Mike Pompeo, the former Secretary of State, has not yet announced, but seems to be positioning himself to, based on his offputting weight loss, a new book, and a trip around the speaking circuit. Unlike Haley, Pompeo does seem to have policy commitments, mostly to keeping the blood splashing around the Middle East, antagonizing China, and palling around with the very worst people you know. While he helped Trump broker the Abraham accords regularizing relations between Israel and some Arab states, he otherwise seemed keen on getting the U.S. involved in some fresh conflicts.
Would he be an effective vice president? If Trump intends to continue what posterity is coming to regard as his characteristic first-term policy—no new wars—a number two who chafes against the mission may not be much of an asset.
Sen. Tim Scott of South Carolina has all but announced his campaign—in fact, due to a “blunder” with the publication information page on his latest book, he declared his interest far ahead of anyone, in July of last year. The complete lack of interest generated in the media at that time is a testament to how serious a candidate he is. His signature policies: “Opportunity Zones” in the Trump tax package, a program that gives tax breaks for businesses in disadvantaged areas; a failed effort at police reform; various campaigns directed at education investment. He votes the party line on foreign policy, which he doesn’t touch in his campaign book—not an encouraging sign in a cycle that will be dominated in large part by American involvement in the Russia-Ukraine war.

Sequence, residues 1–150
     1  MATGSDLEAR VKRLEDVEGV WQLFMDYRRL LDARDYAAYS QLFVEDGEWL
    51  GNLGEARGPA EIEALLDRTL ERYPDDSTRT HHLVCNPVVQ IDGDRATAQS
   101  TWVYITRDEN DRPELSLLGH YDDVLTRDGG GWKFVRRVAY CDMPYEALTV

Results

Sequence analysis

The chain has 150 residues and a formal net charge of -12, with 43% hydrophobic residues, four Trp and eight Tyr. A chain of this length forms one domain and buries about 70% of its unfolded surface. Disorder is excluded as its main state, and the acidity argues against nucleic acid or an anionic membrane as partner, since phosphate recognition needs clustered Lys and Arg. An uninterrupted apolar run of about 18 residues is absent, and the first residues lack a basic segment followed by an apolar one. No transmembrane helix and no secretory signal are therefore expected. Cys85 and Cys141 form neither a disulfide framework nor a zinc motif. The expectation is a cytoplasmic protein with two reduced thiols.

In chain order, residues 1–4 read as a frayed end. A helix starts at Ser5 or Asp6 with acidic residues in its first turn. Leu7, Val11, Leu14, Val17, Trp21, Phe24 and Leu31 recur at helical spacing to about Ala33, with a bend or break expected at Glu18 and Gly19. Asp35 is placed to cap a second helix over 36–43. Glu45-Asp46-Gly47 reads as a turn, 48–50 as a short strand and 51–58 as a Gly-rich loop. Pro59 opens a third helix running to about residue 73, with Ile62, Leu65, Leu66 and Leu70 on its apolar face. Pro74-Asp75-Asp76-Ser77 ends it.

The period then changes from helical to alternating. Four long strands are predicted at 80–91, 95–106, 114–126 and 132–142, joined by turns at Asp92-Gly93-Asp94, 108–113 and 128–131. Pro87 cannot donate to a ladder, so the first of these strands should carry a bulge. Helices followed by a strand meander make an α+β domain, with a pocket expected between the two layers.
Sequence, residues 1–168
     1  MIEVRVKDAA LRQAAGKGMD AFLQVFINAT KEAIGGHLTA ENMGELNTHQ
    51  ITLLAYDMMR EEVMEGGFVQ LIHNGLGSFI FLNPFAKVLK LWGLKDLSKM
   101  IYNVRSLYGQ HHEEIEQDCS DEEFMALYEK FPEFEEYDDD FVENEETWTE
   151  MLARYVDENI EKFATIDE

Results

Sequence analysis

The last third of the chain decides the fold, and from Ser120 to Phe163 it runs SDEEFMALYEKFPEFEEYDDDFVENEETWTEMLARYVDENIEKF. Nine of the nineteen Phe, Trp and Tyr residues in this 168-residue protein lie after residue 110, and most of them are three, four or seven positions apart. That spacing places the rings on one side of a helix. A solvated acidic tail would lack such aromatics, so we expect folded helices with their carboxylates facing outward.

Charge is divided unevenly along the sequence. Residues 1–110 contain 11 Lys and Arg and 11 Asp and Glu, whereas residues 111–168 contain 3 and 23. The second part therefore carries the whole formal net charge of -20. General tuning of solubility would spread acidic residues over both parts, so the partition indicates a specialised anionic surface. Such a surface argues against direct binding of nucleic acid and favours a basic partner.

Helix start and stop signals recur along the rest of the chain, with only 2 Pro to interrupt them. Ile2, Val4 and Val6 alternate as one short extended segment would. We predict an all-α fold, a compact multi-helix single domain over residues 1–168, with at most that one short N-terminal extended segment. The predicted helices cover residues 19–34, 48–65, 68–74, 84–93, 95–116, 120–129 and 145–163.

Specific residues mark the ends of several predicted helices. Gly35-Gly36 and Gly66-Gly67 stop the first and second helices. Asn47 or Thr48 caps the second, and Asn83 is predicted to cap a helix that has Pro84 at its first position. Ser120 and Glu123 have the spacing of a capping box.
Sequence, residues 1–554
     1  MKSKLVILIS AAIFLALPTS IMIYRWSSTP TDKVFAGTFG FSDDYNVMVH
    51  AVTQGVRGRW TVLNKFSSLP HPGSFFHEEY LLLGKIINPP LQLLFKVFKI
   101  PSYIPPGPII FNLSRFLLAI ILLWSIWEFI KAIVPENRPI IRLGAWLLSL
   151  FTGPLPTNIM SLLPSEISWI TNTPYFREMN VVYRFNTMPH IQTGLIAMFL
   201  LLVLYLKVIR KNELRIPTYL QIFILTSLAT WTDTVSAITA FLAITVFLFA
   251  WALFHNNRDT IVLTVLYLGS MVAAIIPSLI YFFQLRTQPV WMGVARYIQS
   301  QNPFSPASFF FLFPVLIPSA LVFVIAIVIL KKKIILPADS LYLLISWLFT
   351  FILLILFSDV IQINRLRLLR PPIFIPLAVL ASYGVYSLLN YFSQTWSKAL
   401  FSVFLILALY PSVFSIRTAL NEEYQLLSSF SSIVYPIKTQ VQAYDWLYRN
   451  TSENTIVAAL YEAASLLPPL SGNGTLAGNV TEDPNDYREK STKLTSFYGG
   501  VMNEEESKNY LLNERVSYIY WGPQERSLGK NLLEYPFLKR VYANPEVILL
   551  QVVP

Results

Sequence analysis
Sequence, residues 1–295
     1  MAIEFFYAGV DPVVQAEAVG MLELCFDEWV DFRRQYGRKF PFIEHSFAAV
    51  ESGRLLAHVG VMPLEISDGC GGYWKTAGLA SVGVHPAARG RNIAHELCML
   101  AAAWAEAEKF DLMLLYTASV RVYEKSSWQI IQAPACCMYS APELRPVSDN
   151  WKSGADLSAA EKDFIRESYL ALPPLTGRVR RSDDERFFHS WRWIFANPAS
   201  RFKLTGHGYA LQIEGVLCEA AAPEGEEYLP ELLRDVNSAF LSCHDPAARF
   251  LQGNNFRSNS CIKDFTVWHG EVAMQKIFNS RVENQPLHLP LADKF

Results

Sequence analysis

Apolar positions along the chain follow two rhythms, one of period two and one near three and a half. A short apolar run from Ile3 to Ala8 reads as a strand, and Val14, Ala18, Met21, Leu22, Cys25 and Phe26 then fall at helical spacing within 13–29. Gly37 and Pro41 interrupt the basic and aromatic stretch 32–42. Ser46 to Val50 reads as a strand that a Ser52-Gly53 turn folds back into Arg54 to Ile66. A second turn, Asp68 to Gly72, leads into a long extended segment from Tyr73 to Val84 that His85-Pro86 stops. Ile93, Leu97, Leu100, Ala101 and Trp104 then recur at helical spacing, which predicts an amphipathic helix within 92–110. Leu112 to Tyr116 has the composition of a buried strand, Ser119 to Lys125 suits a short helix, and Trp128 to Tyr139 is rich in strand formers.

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While he emphasizes his cordial working relationship with the former president, it is as if history stopped some time in early 2001 for Scott. His penchant for moderate and potentially very expensive domestic development is reminiscent of the 2000 campaign’s George W. Bush. What would he bring to the bottom of the ticket? He is, for reasons that escape me, an enormously successful fundraiser; for more reasons that escape me, the social conservative portions of the coalition have started to orient themselves toward him; he would make the accusations of racism thrown at Trump and his supporters seem stupider than usual. These aren’t nothing, but they aren’t the stuff of a wartime consigliere.
Of course, of the likely candidates, the most substantial is Florida’s Governor Ron DeSantis, who has run second to Trump in the polls for over a year. DeSantis has shown a capacity to enunciate a program and stick with it; he has been able to build and maintain an administration that actually does what he tells it to do. These are the qualities our America First Cheney would need. The rub: DeSantis, who is the only remotely viable contender to have emerged to date, may not want to settle for the bottom of the ticket, and Trump may not want him there.
Indeed, Trump’s style is not conciliatory; vanquished foes, if they come to terms, tend to be paraded around in ways that are very funny but offensive to the dignity of most people outside the political class. None of the losing candidates in ’16 became the vice presidential nominee. But a second Trump term faces clearer, grimmer challenges, and it is worth considering whether, in this field, our Augustus can find his Agrippa.